Produce containing Vitamin C, like oranges, strawberries, bell peppers, and broccoli, support the baby's growth and improves iron absorption. Foods that have iron, such as beans, lentils, green leafy vegetables, meat, and spinach all support the mother's body in making more blood for both mom and baby.
Eating 1 cup of strawberries daily provides 84 mg of vitamin C. Vitamin C is essential for the formation of collagen. Collagen is a type of structural protein, which develops the bones, cartilage, and skin of the baby.
Risks Associated With Consuming Strawberries While Pregnant
Eating raw fruits and vegetables exposes your body to a variety of bacteria, including E. coli and a bunch of other parasites. These infections could reach the baby via the placenta and harm him. Make sure to thoroughly wash strawberries before eating them.
The topmost fruit to eat in pregnancy is an orange. The smell of this citrus fruit in itself helps combat morning sickness during pregnancy. Eating an orange every day in pregnancy helps to get a sufficient amount of Vitamin C to boost the immune system of the baby.
5 foods to eat during pregnancy
Produce containing Vitamin C, like oranges, strawberries, bell peppers, and broccoli, support the baby's growth and improves iron absorption.
Bad strawberries are ones that are mushy, damaged, leaking juice, shriveled or moldy. You should also pass over strawberries that are poorly colored, have large white or green areas or sport dry, brown caps.
Risks and precautions. The disadvantage of strawberries is that they may contain pesticide residue. Each year, the Environmental Working Group (EWG) produces a list of fruits and vegetables with the highest levels of pesticide residue, known as the “Dirty Dozen.” Strawberries often rank high up on this list.
If you're planning to eat your strawberries right away, storing strawberries at room temperature on your kitchen counter is the best option — they'll lose a bit of luster and flavor in the fridge.
But whether you've picked up a fresh pint of strawberries at a farm stand, the grocery store, or even picked your own right from your backyard—you have to wash them before you dig in! Unwashed strawberries can contain dirt and residue from processing and packing, plus pesticide residue and other yucky stuff.
4. Don't go more than two or three hours without eating. Grazing not only pumps a steady stream of nutrients to your baby, it also keeps your blood sugar levels steady so you don't "crash" or become lightheaded.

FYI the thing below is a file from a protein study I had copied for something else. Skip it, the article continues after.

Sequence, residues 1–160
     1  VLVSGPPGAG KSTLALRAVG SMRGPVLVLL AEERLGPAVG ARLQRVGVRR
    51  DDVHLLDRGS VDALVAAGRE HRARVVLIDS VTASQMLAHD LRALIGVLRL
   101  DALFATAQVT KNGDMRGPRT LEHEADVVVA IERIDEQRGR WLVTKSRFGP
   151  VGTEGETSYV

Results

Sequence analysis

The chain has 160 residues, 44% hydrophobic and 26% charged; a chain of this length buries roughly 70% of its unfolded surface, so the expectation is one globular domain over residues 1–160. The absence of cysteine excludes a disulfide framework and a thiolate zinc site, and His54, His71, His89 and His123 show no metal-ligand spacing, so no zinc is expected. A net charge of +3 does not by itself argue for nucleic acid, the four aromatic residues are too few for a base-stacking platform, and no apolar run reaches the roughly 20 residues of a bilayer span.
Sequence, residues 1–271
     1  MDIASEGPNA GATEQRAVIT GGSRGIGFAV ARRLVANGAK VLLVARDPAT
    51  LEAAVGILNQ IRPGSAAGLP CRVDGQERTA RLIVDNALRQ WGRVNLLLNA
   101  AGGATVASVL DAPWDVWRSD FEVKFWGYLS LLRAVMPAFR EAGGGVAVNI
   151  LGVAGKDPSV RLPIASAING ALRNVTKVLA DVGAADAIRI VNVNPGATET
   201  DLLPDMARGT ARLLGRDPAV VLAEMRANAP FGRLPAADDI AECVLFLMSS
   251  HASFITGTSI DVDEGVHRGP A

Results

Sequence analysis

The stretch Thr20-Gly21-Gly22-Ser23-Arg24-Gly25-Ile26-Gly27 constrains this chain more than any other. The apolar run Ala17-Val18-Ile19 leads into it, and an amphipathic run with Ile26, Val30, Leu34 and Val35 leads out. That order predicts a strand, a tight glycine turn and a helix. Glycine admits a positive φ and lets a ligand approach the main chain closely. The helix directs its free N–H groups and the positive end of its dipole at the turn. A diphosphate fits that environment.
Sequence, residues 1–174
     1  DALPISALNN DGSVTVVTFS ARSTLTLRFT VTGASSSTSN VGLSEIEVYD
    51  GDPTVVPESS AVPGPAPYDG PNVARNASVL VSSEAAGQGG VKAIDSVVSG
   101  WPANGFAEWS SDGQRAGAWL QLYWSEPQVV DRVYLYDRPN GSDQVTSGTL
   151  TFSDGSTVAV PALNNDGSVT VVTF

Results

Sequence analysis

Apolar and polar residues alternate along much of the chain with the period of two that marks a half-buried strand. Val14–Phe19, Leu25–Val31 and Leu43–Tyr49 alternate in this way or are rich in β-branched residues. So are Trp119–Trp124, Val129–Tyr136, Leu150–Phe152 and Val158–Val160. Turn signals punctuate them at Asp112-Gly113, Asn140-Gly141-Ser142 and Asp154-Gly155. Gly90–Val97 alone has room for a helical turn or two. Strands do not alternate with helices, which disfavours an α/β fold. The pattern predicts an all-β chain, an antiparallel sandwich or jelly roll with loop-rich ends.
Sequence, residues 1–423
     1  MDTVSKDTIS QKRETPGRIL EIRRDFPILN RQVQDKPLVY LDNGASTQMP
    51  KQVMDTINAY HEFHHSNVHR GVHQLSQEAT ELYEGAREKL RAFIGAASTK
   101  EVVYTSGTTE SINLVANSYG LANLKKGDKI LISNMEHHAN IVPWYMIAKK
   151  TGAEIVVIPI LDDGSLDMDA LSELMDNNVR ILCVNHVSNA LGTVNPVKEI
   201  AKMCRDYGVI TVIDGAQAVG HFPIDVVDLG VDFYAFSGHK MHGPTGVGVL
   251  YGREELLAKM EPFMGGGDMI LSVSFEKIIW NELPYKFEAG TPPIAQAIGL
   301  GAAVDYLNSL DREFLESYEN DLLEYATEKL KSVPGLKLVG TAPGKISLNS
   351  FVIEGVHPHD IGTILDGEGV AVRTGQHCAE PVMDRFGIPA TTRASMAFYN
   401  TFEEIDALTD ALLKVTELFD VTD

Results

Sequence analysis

Week 7: Baby's head develops
Seven weeks into your pregnancy, or five weeks after conception, your baby's brain and face are growing. Depressions that will give rise to nostrils become visible, and the beginnings of the retinas form.
Whether you've bought fresh, organic strawberries from a farmer's market or strawberries from the grocery store, you should always wash strawberries before snacking on them or cooking with them.
The best way to clean strawberries is under the sink faucet, whether in a colander or in your hands, running cold tap water over them gently for 10 to 20 seconds. According to the Centre for Science and Environment (CSE), cold water removes anywhere from 75 to 80 percent of pesticide residue from produce.
The vitamin C and melatonin in strawberries both promote healthy sleep. Plus, according to the National Sleep Foundation, the antioxidants in strawberries can help counteract the oxidative stress caused by sleep disorders.
Fruits That Should Not Be Stored in the Refrigerator
Apricots, Asian pears, avocado, bananas, guava, kiwis, mangoes, melons, nectarines, papayas, passion fruit, pawpaw, peaches, pears, persimmons, pineapples, plantain, plums, starfruit, soursop, and quince will continue to ripen if left out on the counter.
Grab the Stem
Normally you'd probably lie the strawberry down on a cutting board and slice off the greens and whatever comes with it. You don't need to remove the whole top—you just want to remove the stem and the hull.
Do not remove the stem, and do not wash the strawberries before storing them. Use a clean glass jar that's been washed and dried thoroughly. It needs to have a tight-fitting lid.